MESA/MEP Engineering Transfer Student Success

With student success funds, the Multicultural Engineering Program (MEP) provided increased academic and support services focused specifically on transfer students in engineering.

Students had access to the MEP Study Center, one-on-one peer mentoring, tutoring support in targeted upper division courses, connection with faculty members, and access to the MEP Textbook Lending Library. These funds also allowed MEP to hire an additional peer mentor to focus on supporting transfer students and to augment the 2017 Engineering Transfer Transition Program (ETTP).

For the 2016-17 academic year, MEP served 191 students, an increase of 28% percent from the previous year. With these funds, we specifically targeted transfer students. Of the 191 students served, a total of 39, or 20%, were transfer students. We were able to conduct a post-qualitative evaluation and the results were extremely positive. Over 93% of respondents either somewhat or strongly agree that MEP supports their learning. The same percentage would recommend MEP to a friend. All but one of the students who were eligible to return to MEP did return in the 2017-18 academic year.

All MEP students had 24 hour access to the Study Center located in Jack Baskin School of Engineering building, and the textbook lending library. According to the post-qualitative survey results we conducted in May, the use of the study center and access to the lending library was not as beneficial as the tutoring. Although not reflected in the survey, these services were highly utilized. Of the 39 transfer students in the program 22 unique students, or 56%, received tutoring and/or borrowed textbooks. In the 2016-17 academic year, MEP tutored 14 courses for a total of 359 hours.

Initially we were going to assign faculty mentors to the transfer students, however, we decided it would be more effective to hire an additional Peer Mentor. Our current Peer Mentor model has been successful and having a Peer Mentor that could focus their work with the transfer population worked out well. They held regular office hours during Winter and Spring quarters, managed the Facebook group page, and helped coordinate two MEP events.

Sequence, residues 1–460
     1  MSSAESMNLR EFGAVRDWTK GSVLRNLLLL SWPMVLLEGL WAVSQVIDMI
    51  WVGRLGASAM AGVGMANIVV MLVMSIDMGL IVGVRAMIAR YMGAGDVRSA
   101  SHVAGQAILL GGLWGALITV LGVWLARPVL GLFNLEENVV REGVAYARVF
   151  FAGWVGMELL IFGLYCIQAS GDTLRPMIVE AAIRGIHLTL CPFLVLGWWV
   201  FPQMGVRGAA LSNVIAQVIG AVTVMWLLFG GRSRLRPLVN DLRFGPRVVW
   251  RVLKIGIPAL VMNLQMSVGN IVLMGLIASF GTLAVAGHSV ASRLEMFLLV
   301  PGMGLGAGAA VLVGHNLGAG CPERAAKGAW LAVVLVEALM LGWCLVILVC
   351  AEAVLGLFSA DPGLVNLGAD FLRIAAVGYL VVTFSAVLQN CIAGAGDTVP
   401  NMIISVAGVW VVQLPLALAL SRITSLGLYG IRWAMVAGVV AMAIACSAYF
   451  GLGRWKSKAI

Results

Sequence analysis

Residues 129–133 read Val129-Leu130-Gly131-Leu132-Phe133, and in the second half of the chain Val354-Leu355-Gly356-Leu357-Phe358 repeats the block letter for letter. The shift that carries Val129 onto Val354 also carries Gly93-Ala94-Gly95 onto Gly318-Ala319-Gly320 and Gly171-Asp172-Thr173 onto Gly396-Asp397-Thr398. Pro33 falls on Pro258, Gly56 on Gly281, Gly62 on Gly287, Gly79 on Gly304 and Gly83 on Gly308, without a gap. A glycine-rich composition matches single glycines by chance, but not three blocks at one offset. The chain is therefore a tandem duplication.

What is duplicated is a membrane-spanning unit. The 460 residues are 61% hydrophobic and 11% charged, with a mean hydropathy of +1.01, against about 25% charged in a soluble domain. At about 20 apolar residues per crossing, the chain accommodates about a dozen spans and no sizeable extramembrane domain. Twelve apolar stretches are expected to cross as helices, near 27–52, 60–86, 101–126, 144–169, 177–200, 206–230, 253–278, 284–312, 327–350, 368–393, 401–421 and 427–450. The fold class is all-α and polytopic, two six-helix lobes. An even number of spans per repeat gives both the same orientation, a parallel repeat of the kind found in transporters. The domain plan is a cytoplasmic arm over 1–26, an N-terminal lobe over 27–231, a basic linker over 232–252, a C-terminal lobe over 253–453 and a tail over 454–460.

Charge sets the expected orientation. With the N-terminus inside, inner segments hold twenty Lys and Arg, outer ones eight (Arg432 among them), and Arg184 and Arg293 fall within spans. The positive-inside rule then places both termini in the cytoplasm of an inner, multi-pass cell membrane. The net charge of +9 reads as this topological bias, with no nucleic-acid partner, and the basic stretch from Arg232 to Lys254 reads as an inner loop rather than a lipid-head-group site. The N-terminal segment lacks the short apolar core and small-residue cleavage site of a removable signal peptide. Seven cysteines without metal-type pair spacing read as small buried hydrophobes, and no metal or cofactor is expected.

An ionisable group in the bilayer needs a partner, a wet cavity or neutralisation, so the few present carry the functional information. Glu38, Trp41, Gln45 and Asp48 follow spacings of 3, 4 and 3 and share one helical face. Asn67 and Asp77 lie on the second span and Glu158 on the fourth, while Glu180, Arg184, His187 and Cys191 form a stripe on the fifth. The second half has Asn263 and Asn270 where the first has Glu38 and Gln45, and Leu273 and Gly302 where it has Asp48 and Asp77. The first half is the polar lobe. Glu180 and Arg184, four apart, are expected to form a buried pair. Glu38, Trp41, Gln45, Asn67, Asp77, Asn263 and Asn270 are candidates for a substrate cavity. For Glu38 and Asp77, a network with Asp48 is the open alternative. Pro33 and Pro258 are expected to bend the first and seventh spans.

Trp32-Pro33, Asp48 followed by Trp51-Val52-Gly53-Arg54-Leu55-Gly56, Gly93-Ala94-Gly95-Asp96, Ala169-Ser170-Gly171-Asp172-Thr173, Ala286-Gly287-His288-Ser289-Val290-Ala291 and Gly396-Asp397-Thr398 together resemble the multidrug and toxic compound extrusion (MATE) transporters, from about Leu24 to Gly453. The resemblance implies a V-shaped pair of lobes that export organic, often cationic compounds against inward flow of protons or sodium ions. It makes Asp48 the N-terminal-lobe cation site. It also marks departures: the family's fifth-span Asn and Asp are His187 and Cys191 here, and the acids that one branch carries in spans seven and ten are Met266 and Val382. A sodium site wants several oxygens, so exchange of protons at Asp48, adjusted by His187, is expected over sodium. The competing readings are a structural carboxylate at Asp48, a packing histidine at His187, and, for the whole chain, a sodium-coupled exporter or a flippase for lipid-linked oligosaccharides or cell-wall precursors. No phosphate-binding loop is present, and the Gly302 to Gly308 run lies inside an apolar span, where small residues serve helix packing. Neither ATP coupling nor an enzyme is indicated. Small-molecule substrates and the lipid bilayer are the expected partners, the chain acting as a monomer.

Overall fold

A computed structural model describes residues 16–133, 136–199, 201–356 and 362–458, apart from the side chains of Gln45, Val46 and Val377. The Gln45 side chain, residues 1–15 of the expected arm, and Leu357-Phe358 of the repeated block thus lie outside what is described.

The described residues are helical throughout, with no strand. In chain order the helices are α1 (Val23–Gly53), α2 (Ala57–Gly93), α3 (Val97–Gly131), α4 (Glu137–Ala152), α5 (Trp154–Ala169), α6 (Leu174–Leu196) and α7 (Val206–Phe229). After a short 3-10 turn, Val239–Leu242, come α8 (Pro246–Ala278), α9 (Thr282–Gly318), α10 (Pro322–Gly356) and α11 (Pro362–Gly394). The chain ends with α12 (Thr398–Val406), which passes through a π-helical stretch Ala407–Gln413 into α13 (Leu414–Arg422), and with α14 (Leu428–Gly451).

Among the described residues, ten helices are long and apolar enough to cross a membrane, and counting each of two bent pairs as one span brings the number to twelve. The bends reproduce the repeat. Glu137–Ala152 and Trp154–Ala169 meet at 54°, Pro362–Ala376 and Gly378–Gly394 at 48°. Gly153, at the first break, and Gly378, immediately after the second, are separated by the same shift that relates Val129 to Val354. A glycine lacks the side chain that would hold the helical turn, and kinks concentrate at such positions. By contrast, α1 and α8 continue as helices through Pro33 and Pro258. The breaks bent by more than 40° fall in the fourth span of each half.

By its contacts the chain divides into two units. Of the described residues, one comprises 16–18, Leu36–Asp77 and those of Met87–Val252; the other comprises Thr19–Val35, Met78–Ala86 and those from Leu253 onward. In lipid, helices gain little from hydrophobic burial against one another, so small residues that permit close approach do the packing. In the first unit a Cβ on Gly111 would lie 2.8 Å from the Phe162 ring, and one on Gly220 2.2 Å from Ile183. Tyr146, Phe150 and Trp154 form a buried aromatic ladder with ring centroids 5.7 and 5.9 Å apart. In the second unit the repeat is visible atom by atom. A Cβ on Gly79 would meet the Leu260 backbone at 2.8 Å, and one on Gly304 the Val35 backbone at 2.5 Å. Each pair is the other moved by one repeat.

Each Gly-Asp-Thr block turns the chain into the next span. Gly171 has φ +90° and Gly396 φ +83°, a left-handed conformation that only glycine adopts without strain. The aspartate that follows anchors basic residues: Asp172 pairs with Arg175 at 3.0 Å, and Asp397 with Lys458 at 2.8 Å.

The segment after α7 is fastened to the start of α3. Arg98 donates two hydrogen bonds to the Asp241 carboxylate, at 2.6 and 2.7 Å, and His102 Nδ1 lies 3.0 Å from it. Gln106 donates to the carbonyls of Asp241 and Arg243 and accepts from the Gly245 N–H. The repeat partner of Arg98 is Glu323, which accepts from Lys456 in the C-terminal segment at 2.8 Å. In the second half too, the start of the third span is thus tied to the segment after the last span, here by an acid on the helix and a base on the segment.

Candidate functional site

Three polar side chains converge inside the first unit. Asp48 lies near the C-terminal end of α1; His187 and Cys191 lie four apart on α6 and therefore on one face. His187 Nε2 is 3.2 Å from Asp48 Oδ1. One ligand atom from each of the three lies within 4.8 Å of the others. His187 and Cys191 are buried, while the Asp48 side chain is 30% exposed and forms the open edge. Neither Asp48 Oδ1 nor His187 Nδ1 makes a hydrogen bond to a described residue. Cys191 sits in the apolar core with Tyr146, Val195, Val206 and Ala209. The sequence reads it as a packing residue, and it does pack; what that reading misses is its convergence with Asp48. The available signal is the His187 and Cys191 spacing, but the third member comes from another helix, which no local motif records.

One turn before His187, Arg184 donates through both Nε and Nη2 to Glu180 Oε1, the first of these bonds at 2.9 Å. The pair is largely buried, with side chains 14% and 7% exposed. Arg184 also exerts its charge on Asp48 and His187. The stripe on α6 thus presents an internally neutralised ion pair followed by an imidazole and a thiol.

The Peer Mentor organized a game night to allow students to interact socially. There were 22 students that attended, and 5 of them were transfers. It was a successful turnout and the students were able to get to know each other better, which contributes to their confidence and sense of belonging.

The second event focused on transfers and their senior capstone. Depending on a student’s major, they have many capstone options and students need to make informed decisions. We invited faculty from the Bioengineering, Computer Engineering, Computer Science and Electrical Engineering departments to share with students their expectations of the senior capstone experience. There were approximately 13 students in attendance and 4 engineering staff/faculty. Of the 13 students that attended, 5 were transfers. 

Funds also supported the Engineering Transfer Transitions Program (ETTP), a four-day residential experience designed for engineering transfer students from California Community College enrolling in the Baskin School of Engineering at UC Santa Cruz. The goal of the program is to assist students with their transition into engineering academic life and to provide a comprehensive introduction to the people and resources that will help them make the most of their time and experience as a Baskin Engineering student. During the course of the program, participants are introduced to upper-division coursework, faculty, research facilities, and student support services, while also participating in community building opportunities. The program is free to participants and provides a $50 stipend to offset travel expenses to those who successfully complete the program.

ETTP began on July 24, 2017 and ended on July 27, 2017 to facilitate their attendance and participation in the UC Santa Cruz Transfer Summer Orientation, on Friday, July 28, 2017. With the augmentation of these funds, we increased the number of students we served by 44% from last year for a total of 26 students. The evaluation survey demonstrated that of all MEP services, the ETTP is by far considered the most beneficial amongst respondents.

Collaborators: Bioengineering, Computer Engineering, Computer Science and Electrical Engineering departments

Lead Contact Name: Tracy Larrabee & Lydia Zendejas
Lead Contact Email: larrabee@ucsc.edu & zendejas@ucsc.edu
Theme: Promoting Academic Excellence